Computer-aided design

Computer-aided design (CAD) is the use of a wide range of computer-based tools that assist engineers, architects and other design professionals in their design activities. It is the main geometry authoring tool within the Product Lifecycle Management process and involves both software and sometimes special-purpose hardware. Current packages range from 2D vector based drafting systems to 3D parametric surface and solid design modellers.

CAD is sometimes translated as "computer-assisted", "computer-aided drafting", or a similar phrase. Related acronyms are CADD, which stands for "computer-aided design and drafting", CAID for Computer-aided Industrial Design and CAAD, for "computer-aided architectural design". All these terms are essentially synonymous, but there are some subtle differences in meaning and application.


CAD is used to design and develop products, which can be goods used by end consumers or intermediate goods used in other products. CAD is also extensively used in the design of tools and machinery used in the manufacture of components. CAD is also used in the drafting and design of all types of buildings, from small residential types (houses) to the largest commercial and industrial types (hospitals and factories).
CAD is used throughout the engineering process from conceptual design and layout, through detailed engineering and analysis of components to definition of manufacturing methods.

Fields of use

Architecture, Engineering and Construction - the "AEC industry"
Building engineering
Mechanical (MCAD)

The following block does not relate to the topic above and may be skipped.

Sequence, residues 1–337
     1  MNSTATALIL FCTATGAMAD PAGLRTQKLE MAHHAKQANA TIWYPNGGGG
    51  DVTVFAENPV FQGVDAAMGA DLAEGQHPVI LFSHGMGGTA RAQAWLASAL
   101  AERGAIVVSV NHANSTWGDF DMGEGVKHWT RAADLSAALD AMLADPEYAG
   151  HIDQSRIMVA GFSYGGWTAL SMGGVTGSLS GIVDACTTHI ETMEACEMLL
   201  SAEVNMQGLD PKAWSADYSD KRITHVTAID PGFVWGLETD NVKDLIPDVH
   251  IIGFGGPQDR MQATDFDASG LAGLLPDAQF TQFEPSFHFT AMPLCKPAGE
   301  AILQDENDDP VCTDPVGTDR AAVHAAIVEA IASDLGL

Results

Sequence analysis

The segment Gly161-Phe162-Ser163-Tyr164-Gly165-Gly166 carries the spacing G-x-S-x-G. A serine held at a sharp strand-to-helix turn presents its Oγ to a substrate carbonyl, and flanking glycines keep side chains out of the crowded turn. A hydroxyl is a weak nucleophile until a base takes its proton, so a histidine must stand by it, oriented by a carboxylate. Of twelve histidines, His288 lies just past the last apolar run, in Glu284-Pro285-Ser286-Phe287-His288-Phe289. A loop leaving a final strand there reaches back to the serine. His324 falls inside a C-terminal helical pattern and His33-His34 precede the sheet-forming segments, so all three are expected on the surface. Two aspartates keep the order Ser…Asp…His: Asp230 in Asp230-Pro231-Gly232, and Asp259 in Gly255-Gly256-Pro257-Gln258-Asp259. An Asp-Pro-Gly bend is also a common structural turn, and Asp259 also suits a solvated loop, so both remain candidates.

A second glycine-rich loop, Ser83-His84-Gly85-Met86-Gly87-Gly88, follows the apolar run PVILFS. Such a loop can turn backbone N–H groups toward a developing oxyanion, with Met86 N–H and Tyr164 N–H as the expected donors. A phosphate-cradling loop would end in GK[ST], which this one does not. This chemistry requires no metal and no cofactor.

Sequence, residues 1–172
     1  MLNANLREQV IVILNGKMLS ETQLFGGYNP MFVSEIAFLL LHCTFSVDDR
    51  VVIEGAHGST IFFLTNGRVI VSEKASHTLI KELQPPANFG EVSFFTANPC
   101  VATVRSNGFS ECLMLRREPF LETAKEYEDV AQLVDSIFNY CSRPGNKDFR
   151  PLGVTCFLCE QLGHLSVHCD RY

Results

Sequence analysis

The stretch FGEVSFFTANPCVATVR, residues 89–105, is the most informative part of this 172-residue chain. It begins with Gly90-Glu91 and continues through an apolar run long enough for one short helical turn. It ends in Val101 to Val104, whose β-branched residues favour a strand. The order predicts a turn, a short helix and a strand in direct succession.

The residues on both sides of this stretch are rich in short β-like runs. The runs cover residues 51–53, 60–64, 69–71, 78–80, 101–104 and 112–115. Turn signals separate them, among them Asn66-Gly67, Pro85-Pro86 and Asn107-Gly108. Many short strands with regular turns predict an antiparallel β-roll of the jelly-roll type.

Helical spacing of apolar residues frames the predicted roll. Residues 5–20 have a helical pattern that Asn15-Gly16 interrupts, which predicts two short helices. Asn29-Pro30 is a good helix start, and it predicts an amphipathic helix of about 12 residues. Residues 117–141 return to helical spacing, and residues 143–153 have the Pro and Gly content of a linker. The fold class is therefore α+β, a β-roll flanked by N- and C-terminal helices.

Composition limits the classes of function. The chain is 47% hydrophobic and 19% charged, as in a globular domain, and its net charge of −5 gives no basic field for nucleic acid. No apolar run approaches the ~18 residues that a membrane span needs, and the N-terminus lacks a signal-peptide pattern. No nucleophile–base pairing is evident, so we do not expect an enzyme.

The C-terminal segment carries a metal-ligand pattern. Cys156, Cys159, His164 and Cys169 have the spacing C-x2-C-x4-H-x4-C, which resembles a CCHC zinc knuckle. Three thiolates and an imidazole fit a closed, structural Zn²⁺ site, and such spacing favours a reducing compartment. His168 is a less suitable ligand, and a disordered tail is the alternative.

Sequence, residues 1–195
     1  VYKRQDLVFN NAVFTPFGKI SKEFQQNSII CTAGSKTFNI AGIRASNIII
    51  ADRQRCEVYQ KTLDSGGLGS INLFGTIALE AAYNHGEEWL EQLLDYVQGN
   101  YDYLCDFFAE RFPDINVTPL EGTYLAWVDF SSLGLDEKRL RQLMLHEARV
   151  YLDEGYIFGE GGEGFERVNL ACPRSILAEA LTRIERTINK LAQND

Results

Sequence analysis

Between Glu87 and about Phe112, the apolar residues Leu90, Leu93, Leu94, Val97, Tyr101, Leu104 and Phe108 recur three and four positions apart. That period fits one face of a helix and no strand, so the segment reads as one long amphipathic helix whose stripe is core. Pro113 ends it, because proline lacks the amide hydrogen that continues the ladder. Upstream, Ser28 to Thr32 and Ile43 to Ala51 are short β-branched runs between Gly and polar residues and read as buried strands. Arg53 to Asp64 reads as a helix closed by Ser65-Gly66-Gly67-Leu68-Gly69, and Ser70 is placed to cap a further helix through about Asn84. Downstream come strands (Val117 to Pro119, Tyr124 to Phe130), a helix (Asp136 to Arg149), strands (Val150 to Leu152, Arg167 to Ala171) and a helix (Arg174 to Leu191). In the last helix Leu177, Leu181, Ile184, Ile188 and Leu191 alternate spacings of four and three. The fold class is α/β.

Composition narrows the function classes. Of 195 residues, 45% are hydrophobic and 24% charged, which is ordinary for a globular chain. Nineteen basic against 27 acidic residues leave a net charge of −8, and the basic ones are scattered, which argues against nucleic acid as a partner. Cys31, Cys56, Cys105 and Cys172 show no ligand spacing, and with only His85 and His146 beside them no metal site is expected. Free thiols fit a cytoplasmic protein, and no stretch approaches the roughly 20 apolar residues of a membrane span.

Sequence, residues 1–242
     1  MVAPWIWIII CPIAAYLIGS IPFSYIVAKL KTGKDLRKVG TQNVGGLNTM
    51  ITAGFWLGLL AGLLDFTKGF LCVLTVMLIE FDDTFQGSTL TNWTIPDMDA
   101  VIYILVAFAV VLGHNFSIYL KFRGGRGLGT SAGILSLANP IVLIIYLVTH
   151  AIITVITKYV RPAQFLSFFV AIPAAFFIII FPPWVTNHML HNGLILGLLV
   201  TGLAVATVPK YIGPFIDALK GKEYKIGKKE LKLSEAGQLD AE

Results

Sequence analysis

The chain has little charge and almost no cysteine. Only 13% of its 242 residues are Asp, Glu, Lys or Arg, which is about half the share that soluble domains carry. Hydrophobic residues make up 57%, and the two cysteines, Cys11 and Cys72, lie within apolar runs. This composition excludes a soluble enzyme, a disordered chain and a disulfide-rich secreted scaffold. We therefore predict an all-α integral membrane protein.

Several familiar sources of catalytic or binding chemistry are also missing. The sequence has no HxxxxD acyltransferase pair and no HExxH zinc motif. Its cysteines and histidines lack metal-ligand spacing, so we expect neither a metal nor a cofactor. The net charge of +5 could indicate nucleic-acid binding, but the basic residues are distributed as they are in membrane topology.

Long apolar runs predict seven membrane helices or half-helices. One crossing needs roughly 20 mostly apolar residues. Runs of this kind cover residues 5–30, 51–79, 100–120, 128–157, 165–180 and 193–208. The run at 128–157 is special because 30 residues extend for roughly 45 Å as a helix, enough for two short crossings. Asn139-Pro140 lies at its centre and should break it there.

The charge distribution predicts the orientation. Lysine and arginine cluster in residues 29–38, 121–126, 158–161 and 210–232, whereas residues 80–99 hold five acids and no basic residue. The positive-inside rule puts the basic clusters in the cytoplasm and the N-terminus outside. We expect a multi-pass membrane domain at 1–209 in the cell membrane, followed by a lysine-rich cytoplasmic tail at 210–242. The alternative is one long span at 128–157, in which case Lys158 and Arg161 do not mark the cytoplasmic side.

Consumer Goods
Ship Building
Electronic and Electrical (ECAD)
Manufacturing process planning
Digital circuit design
Software applications

Electrical and electronic
Electronic design automation (EDA) includes PCB design, intelligent wiring diagrams (routing) and component connection management.

anufacturing process planning
2D and 3D CAD systems are sometimes used for graphically represented of plant layout, usually with the aid of specific machine geometry libraries and layout tools. Although this is often done with specialist real-time process simulation tools based on Product visualization and Manufacturing Process Management technologies.

Software applications
Computer-aided design software is also starting to be used to develop software applications. Software applications share many of the same Product Life Cycle attributes as the manufacturing or electronic markets. As computer software becomes more complicated and harder to update and change, it is becoming essential to develop interactive prototypes or simulations of the software before doing any coding. The benefits of simulation before writing actual code cuts down significantly on re-work and bugs.